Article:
June 27, 2014
- General Motors Co. is recalling more than 29,000 Chevrolet Cruze compact cars because metal parts in the air bag assemblies can hit the driver and passengers if the bags are inflated. The cars, from the 2013 and 2014 model years, were built with an incorrect baffle, and that can cause the air bag inflator to rupture if the bags are deployed, the National Highway Traffic Safety Administration said. If that happens, metal fragments could hit people in the car, and the air bags may not inflate to...
June 26, 2014
- Spokesman Jim Cain says the cars were built with an incorrect part made by Japanese supplier Takata Corp. But he says the problem is different from another issue with Takata air bags that is affecting much of the auto industry.
- General Motors has no plans to fire any additional employees in connection with its defective ignition switch scandal, CEO Mary Barra said during an appearance on the NBC Today Show. During her multi-segment appearance she also said she doesn't know if criminal charges will be filed against the maker. For more details, go to TheDetroitBureau.com.
- The latest versions of Cadillac’s ATS and CTS sedans are relatively new on the market, with both lines receiving complete redesigns for 2013 and 2014 respectively. However, both the ATS and CTS are scheduled to receive subtle updates for the 2015 model year, with the most prominent change being the adoption of Caddy’s latest crest...
June 25, 2014
- General Motors has issued a “stop sale” to its dealers advising them to stop selling any 2013 and 2014 Chevrolet Cruze sedans on their lots due to a potential airbag defect, with a recall likely to follow, according to TheDetroitBureau.com.
June 24, 2014
- As lawmakers, federal agencies and automakers bandy about ways to better track potential product defects in cars and trucks, one watchdog group already assembled an early warning list of problems – and it’s dominated by Toyota, Ford and General Motors. To get all of the details on this new list, please go to TheDetroitBureau.com.
June 23, 2014
- The numbers have been adding up fast. Just since the beginning of this month, Japan’s five largest automakers have recalled nearly 6 million vehicles due to airbag problems. General Motors has staged more than three dozen recalls since the beginning of the year. All of this points to a record year for recalls, according to TheDetroitBureau.com.
- General Motors Co. today announced Cathy Clegg as its North America manufacturing vice president. Clegg replaces Gerald Johnson, who GM CEO Mary Barra recently named to the newly created position of vice president of operational excellence.
- Aside from vehicles turning into robots and obligatory Michael Bay lens flare, the Transformers movie franchise is perhaps best known for each installment being a two-hour long advertisement for General Motors vehicles. Okay, maybe that's a bit unfair. But Bumblebee, the movie's chief non-human protagonist, is a Chevrolet Camaro. Sparks, Sonics...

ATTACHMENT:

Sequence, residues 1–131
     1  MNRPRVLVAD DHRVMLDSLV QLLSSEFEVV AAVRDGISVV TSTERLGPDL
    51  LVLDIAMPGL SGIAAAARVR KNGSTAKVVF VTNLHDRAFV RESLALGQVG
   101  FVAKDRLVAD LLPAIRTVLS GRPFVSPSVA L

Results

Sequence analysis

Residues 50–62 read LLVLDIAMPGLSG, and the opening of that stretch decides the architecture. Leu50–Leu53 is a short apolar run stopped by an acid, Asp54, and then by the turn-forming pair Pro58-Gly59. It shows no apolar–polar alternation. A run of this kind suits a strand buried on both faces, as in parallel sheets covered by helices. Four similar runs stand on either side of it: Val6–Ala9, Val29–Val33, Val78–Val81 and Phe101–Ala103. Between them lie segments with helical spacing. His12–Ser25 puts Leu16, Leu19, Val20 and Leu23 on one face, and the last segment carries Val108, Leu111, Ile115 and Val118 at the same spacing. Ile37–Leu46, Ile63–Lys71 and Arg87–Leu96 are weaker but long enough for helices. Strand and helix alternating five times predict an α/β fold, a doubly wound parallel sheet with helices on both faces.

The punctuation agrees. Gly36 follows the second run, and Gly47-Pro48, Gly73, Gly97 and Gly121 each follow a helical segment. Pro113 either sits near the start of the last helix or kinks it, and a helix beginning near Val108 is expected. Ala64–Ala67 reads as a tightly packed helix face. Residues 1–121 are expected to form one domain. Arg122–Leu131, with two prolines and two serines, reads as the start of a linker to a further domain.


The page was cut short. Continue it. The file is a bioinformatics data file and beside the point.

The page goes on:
June 20, 2014
- Take one 1969 Cadillac DeVille, two crazy Canadians living in Los Angeles, a hot tub, and the need for speed, mix thoroughly, and you get this: the Carpool DeVille, on Kickstarter to raise funds for a run at Bonneville. They only need $10,000. You can help. CHECK OUT: $4.2 Million Ferrari F12 TRS Revealed At Ferrari Cavalcade In Sicily The story...
- General Motors’ Australian unit Holden announced last year that it will end production in Australia in 2017. At the time, Holden bosses said the cherished Commodore name, which has only ever been used for rear-wheel-drive sedans built in Australia, will be retained for a future front-wheel-drive large car imported from overseas. Now...
June 19, 2014
- This was supposed to be a big year for Cadillac as it rolled out new models like the CTS and updated Escalade, but with sales taking an unexpected dive, the maker has lost its third US sales chief in two years. TheDetroitBureau.com looks at the turmoil inside Cadillac.
- Very little new revelations resulted from House members berating General Motors Co. CEO Mary Barra and former U.S. attorney Anton Valukas during a Wednesday hearing in Washington, D.C. For nearly three hours, members of a House subcommittee questioned Barra and Valukas, who led an internal investigation into what led to the Detroit-based automaker's delayed recall of 2.6 million vehicles due to faulty ignition switches that have been linked to at least 13 deaths and more than 50 accidents.
June 18, 2014
- General Motors CEO Mary Barra managed to avoid the wrath of House representatives during her testimony today by providing enough information about her plans to change the company’s culture to avoid a repeat of the ignition switch recall and a victim's compensation fund to assuage them. For details, go to TheDetroitBureau.com.
- The National Highway Traffic and Safety Administration is not off the hook for its part in General Motors Co.'s delayed ignition switch recall. During opening remarks at a hearing today to discuss the automaker's exhaustive report into the recall, U.S. Rep. Fred Upton said public officials will be addressing the vehicle safety watchdog's shortcomings as part of the recall "in the near future."